20 percent creative
In addition, classic Direct Marketing is a “what” medium, not a
“why” medium. If you mail 1,000 pieces and 100 people respond, you know
what happened—a 10 percent response rate—but you don’t know
The traditional approach didn’t need to factor in technology,
which causes Epstein to propose a new four-way split:
25 percent audience
25 percent offer
25 percent creative
25 percent technology
In addition, he argues that the online model is turning DM into a
“why” medium. “Measuring real time response results in a better
awareness of what works and what doesn’t, enabling more fluid brand
strategies. In short, technology can help make creative more
accountable than ever: if it isn't performing at a high level, you can
easily replace it with more compelling creative that will capture more
Direct Marketing has always been regarded as the most measurable
of the advertising vehicles. Epstein points out that the strength of
online media is that it provides real time data that savvy marketers
can utilize to constantly recalibrate their campaigns. When technology
makes even the most measurable vehicle more measurable, you had better
be using it, learning from it and applying the lessons rapidly if you
want to keep pace in 2006.
5. Learn from Google
You see their search bar every day and constant media references
ensures that you know their share price rose from US$85 to +US$400 in
15 months, making them larger than Time Warner, Cisco, eBay and Amazon
combined. So you can’t ignore them, but can you learn from them?
recently offered an assessment of the business arenas in which Google
threatens established players. The list is so vast that it would be
tempting to assume only few companies can derive lessons from Google’s
But consider what has taken Google from a small search engine to a
behemoth threatening virtually every major tech company. It started
with a simple, clear and ambitious strategic goal: to organize the
world’s information. It then hired bright people with a relentless
drive to understand technology and constantly sought innovations that
would help it achieve its goal.
Think you can learn from that?
6. Innovate and execute
The success of MySpace and Google demonstrates what happens when
creative business people have an innovative idea and then execute
In an article published in the Harvard Business School newsletter,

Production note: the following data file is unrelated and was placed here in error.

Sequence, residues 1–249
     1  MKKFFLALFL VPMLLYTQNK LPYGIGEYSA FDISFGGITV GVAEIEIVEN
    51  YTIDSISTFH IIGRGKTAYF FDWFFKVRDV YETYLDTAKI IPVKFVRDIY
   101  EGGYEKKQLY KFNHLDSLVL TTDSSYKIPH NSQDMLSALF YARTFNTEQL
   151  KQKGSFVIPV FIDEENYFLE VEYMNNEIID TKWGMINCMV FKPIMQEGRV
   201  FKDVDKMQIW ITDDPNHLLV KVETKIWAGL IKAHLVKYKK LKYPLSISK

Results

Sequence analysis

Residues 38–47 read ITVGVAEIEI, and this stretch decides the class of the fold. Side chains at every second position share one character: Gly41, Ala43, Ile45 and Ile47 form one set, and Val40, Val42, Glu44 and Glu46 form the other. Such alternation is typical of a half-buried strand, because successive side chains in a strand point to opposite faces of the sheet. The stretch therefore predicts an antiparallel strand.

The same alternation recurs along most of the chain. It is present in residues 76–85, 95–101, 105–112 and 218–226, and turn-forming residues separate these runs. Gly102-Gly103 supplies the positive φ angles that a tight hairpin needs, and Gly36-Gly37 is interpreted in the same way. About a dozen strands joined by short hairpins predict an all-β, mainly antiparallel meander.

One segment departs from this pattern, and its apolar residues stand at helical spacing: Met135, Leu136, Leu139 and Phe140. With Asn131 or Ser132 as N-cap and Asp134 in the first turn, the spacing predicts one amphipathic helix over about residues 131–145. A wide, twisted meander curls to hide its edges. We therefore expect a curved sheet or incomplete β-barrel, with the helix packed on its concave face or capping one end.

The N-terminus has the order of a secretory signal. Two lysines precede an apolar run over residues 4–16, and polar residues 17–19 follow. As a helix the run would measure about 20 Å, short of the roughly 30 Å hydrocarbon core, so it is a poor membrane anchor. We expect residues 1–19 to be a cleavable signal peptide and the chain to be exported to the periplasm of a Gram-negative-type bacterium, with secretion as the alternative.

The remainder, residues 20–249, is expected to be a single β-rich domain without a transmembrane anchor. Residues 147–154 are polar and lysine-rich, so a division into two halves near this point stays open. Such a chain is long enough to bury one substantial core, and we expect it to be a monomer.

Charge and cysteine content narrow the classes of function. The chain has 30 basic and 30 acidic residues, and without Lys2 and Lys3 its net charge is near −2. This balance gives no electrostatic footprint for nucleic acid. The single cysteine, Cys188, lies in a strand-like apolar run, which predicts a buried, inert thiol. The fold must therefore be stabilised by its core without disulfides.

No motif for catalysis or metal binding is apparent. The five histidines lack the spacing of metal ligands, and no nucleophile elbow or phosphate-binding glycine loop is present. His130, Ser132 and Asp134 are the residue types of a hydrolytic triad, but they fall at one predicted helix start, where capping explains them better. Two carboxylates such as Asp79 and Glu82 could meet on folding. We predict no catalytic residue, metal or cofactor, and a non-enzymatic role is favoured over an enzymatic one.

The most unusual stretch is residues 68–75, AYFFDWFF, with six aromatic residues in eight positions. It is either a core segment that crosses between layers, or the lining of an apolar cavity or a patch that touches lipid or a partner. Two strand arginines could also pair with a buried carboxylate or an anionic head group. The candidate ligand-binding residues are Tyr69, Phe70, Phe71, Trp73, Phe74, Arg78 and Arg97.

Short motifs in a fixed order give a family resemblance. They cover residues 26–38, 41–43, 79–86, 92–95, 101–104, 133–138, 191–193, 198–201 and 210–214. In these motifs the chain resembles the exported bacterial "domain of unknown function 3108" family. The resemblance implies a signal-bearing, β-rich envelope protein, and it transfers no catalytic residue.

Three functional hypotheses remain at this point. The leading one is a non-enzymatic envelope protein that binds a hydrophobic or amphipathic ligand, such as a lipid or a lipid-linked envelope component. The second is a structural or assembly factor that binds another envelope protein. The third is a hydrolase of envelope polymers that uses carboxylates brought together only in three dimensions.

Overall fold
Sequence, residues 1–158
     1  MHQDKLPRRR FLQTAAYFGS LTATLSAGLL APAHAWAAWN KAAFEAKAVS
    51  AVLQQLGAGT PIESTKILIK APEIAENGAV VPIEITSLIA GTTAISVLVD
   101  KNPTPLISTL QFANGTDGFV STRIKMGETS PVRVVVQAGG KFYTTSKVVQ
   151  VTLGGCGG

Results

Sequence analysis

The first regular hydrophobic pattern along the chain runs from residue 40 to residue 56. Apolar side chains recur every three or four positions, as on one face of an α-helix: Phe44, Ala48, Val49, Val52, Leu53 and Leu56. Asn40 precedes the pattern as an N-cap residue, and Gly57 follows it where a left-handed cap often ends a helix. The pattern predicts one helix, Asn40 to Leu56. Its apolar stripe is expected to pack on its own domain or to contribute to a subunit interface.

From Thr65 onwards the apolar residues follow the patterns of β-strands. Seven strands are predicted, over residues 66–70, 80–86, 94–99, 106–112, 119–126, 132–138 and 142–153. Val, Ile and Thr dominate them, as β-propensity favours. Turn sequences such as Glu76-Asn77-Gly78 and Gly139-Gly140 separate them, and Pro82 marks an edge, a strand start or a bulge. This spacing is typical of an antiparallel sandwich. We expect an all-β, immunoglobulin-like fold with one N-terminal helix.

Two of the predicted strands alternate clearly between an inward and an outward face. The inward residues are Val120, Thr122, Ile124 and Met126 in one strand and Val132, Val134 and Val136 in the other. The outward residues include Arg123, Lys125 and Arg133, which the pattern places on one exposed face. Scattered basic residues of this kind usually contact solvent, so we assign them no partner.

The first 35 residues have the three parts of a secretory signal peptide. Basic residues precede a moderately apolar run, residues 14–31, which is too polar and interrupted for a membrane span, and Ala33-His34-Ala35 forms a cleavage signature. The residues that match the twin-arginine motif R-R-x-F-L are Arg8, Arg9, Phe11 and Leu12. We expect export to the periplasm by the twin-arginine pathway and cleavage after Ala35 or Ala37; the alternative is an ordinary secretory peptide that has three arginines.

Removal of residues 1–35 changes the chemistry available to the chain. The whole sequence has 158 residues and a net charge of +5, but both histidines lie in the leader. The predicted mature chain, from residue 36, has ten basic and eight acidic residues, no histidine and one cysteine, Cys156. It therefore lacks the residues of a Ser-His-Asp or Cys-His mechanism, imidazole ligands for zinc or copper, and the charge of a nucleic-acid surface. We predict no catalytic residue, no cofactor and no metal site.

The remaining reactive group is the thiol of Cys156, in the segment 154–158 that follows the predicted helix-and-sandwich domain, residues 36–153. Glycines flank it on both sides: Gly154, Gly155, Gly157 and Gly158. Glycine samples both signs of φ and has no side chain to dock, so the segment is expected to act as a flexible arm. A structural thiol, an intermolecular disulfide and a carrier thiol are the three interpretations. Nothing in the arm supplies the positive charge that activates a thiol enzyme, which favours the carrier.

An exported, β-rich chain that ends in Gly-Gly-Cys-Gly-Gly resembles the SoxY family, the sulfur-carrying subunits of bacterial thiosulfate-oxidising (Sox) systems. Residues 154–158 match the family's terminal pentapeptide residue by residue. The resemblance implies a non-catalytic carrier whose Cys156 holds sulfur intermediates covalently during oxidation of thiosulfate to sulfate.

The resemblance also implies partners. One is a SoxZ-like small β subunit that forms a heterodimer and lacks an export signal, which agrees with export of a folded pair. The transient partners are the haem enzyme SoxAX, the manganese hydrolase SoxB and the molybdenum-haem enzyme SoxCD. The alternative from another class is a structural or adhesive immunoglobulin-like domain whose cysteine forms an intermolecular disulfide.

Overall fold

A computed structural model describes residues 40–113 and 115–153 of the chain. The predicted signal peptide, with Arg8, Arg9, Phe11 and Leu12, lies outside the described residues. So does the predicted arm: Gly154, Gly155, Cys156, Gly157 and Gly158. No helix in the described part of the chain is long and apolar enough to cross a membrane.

Vijay Govindarajan and Chris Trimble, the authors of
10 Rules for Strategic Innovators,
strategic innovation is your best route to growth, and the hardest to
execute. Buying growth through acquisition rarely delivers long-term
benefits and “as companies age and industries mature, growth within
established markets comes only at the expense of other entrenched
competitors, and it is never easy to buy market share. Therefore,
strategic innovation soon becomes the most attractive option.
Developing this competence is critical. Companies that successfully
execute strategic innovation can deliver breakthrough growth and
generate entirely new life-cycle curves.”
The vast amount of knowledge contained on the web and the
multitude of lessons it provides about the players who have mastered it
should mean that we can easily manage our business online. But, as
Govindarajan and Trimble point out, while many companies will be drawn
by the appeal of strategic innovation enabled by the web, few will have
the combination of knowledge, focus and resolve to truly benefit from
In other words, thinking it’s possible to win on the web without a
deep understanding of its implications and an enterprise-wide
commitment to learn and apply the lessons it provides is like believing
you can lose weight without diet or exercise.
Prescient Digital Media is a
veteran web and intranet consulting firm with 10+ years of rich history.
We provide strategic Internet and intranet
consulting, planning and communications services to many Fortune 500 and
big brand clients, as well as small and medium-sized leaders.